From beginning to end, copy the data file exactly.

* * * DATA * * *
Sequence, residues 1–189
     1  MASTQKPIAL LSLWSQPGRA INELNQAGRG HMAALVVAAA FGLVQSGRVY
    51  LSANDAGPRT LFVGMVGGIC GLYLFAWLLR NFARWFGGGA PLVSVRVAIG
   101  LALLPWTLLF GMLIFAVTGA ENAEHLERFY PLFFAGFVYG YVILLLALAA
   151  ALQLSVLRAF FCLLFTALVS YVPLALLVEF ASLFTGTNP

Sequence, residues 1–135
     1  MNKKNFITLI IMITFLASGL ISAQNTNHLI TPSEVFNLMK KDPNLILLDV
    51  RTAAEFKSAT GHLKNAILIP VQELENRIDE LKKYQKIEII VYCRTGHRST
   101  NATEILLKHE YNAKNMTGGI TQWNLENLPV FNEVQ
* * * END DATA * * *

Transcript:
Sequence, residues 1–189
     1  MASTQKPIAL LSLWSQPGRA INELNQAGRG HMAALVVAAA FGLVQSGRVY
    51  LSANDAGPRT LFVGMVGGIC GLYLFAWLLR NFARWFGGGA PLVSVRVAIG
   101  LALLPWTLLF GMLIFAVTGA ENAEHLERFY PLFFAGFVYG YVILLLALAA
   151  ALQLSVLRAF FCLLFTALVS YVPLALLVEF ASLFTGTNP

Sequence, residues 1–135
     1  MNKKNFITLI IMITFLASGL ISAQNTNHLI TPSEVFNLMK KDPNLILLDV
    51  RTAAEFKSAT GHLKNAILIP VQELENRIDE LKKYQKIEII VYCRTGHRST
   101  NATEILLKHE YNAKNMTGGI TQWNLENLPV FNEVQ